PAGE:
There remains enormous controversy over NCLB’s test-and-punish, sanctions-based philosophy of school accountability. Many, including this blogger, believe NCLB damaged the most vulnerable schools and communities and failed to support school improvement. But the issue currently is that despite Betsy DeVos’s relentless, libertarian claim that parents are responsible for accountability through school choice, her staff are taking what the chair of the Senate HELP Committee believes is an overly punitive approach to ESSA enforcement. We can expect the debate over school testing and accountability to continue.
Federal Money for Private School Tuition via Vouchers, Tuition Tax Credits, and Education Savings Accounts—While Betsy DeVos speaks like a broken record about school choice, the only federally funded school tuition voucher program of any kind remains in Washington, D.C. A House appropriations committee released a budget draft on July 12 that seems to leave out for the next year an expansion of the kind of widespread programs DeVos has championed. Here is the Washington Post’s Emma Brown: “The House GOP also appears to have largely rejected Trump’s proposals to expand private-and public-school choice, according to education advocates who have studied an Appropriations Committee bill released Wednesday afternoon… Trump had sought $1 billion to encourage public school districts to adopt choice-friendly policies, and another $250 million to expand private school voucher programs. The GOP budget bill appears to leave out both.” The public school choice program left out of the House bill is for Title I Portability, a program that was debated and rejected by Congress during the 2015 reauthorization of the federal education law.
The D.C. voucher program, dating back to 2004, was reauthorized by Congress in May as part of this year’s 2017 federal budget deal. As part of that deal, Congress reauthorized the program until 2019 and imposed the requirement that the schools that receive the vouchers must become accredited by 2021. D.C. Vouchers currently serve 1,100 students with vouchers of up to $8,452 for elementary or middle school and up to $12,679 for high school, according to Mandy McLaren and Emma Brown for the Washington Post.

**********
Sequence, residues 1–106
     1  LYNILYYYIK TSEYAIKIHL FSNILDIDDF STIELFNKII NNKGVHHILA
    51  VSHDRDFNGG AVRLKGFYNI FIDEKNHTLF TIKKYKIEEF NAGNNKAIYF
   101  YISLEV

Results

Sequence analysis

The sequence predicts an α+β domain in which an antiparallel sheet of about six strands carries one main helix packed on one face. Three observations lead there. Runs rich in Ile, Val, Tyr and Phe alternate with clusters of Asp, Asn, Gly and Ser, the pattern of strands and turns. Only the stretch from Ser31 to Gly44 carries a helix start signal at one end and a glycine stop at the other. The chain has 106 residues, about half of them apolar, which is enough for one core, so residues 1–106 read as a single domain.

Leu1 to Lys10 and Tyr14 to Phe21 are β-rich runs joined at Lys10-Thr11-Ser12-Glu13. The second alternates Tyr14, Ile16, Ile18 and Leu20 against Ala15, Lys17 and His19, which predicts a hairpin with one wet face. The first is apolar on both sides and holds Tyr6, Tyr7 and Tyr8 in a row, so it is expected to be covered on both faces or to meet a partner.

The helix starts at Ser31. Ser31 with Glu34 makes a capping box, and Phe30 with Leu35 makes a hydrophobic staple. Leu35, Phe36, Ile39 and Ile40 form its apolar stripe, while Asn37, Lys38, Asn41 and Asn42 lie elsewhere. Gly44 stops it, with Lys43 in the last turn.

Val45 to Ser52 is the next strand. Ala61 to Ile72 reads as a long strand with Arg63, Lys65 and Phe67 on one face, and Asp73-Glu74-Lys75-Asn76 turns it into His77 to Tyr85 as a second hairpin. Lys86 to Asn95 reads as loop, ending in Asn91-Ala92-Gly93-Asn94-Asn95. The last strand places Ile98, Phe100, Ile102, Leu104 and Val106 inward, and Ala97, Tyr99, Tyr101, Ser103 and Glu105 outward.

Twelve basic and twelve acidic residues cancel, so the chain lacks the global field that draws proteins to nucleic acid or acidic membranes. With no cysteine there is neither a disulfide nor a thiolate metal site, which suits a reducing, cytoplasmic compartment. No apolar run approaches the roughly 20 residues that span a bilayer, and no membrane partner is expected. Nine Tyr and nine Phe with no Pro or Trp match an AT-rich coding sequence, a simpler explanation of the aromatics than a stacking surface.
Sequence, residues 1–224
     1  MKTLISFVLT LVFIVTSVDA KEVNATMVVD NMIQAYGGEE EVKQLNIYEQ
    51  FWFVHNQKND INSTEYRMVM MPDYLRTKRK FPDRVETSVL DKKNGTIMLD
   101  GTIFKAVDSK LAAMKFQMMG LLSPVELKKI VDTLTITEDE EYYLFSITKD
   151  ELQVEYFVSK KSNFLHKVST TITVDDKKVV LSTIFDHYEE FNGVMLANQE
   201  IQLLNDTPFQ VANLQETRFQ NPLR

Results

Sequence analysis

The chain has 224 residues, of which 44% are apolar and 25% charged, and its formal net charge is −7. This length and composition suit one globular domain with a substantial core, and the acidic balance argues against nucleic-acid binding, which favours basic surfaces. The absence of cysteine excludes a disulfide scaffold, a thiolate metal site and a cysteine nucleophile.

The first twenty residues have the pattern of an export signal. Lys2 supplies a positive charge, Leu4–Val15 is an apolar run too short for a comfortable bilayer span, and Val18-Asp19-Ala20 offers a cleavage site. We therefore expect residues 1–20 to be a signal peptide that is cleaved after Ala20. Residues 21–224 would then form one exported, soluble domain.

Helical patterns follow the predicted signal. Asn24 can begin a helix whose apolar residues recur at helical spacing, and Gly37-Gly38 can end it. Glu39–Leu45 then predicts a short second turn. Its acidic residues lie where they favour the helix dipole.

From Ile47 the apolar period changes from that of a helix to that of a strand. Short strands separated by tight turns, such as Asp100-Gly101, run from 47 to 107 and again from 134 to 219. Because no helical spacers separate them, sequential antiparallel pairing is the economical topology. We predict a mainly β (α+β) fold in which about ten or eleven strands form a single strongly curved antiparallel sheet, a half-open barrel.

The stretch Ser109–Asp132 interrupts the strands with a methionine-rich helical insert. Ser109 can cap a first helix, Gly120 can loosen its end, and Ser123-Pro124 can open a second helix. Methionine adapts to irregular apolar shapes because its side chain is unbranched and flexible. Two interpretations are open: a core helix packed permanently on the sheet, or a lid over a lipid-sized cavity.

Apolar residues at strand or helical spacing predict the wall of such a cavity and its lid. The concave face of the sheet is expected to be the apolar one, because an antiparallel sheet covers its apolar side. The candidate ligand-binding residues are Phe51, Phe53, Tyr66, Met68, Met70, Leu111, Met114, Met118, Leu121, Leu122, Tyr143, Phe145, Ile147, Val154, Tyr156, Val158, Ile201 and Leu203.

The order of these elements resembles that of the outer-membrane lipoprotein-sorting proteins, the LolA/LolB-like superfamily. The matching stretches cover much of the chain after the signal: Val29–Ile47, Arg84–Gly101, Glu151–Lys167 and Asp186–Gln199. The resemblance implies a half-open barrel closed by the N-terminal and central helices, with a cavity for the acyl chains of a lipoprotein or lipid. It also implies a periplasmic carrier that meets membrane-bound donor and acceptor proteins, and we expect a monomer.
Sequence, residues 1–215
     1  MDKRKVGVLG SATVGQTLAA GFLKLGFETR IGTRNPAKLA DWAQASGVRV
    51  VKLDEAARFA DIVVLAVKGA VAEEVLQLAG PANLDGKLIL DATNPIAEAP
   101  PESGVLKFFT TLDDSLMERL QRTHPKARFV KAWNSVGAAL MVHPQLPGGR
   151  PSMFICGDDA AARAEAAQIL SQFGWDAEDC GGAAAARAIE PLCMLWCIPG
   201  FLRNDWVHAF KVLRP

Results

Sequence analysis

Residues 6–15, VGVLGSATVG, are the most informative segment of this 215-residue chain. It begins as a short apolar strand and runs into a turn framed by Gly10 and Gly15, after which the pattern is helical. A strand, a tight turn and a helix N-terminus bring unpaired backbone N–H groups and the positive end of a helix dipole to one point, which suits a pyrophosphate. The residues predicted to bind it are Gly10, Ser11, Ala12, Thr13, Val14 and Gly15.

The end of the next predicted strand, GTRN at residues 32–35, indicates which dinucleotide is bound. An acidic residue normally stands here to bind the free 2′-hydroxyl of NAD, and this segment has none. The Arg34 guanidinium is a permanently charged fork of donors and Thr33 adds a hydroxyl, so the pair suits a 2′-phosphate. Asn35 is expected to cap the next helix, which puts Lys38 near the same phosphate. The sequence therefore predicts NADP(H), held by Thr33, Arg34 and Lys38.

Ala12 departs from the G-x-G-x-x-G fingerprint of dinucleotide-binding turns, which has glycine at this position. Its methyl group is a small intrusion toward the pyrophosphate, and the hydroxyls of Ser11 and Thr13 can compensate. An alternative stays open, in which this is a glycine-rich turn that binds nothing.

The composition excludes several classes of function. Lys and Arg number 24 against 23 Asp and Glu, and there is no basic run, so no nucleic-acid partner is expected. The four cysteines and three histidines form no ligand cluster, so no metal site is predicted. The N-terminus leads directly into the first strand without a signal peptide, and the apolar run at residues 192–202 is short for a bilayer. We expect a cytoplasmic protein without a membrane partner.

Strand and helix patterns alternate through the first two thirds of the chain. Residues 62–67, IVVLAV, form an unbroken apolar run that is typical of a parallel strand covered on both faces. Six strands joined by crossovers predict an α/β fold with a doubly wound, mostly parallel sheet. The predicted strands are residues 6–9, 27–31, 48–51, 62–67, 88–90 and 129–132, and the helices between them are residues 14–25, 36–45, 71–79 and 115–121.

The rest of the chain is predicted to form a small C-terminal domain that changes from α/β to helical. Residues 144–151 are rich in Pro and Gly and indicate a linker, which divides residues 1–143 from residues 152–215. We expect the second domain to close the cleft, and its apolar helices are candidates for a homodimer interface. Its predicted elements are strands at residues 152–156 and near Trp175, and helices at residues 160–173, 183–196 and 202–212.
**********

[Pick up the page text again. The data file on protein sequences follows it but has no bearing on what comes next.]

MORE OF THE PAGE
McLaren and Brown reported earlier this week that, “it’s impossible for taxpayers to find out where their money goes: The administrator of the D.C. voucher program refuses to say how many students attend each school or how many public dollars they receive. It’s also not clear how students are preforming in each school. When Congress created the program in 2004, it did not require individual private schools to disclose anything about student performance… Congress sends about $15 million each year to a nonprofit administrator of the program that, in turn, gives scholarships to District children for use at private schools.”
After the Washington Post sent inquires to the 47 private schools that participate, 15 responded by reporting the number of students they serve. While Sidwell Friiends has been enrolling one or two voucher students each year, Beauvoir elementary, whose campus is on the grounds of the Washington National Cathedral and whose tuition is $35,000 per year, enrolls none. “But at the Academy for Ideal Education—which offers ‘stress free, holistic learning that helps students integrate the right and left hemispheres of their brains,’ according to its website—27-30 students are on vouchers… Thirty-nine of 45 students—87 percent—of students at Academia de la Recta Porta International Christian Day School… are on vouchers… Eighty-one percent of students at Calvary Christian Academy, in a church in Brentwood, pay tuition with vouchers… Critics also say some students with special needs have a hard time using vouchers. Private school profiles published by Serving Our Children, the voucher administrator, show that one in five do not serve students with learning disabilities; half don’t serve students with physical disabilities; and two-thirds don’t serve students learning English as a second language.”
To summarize—Betsy DeVos has said she intends to “neutralize” the Office of Civil Rights, which can only be interpreted as weakening its role. DeVos is delaying rules to protect borrowers who have been defrauded by unscrupulous for-profit colleges. While DeVos promotes school accountability through parental school choice, her staff are busy demanding continued test-and-punish accountability from the states. And finally, the D.C. voucher program remains the only federally funded tuition voucher program, despite that DeVos has declared the expansion of several kinds of school vouchers to be her priority.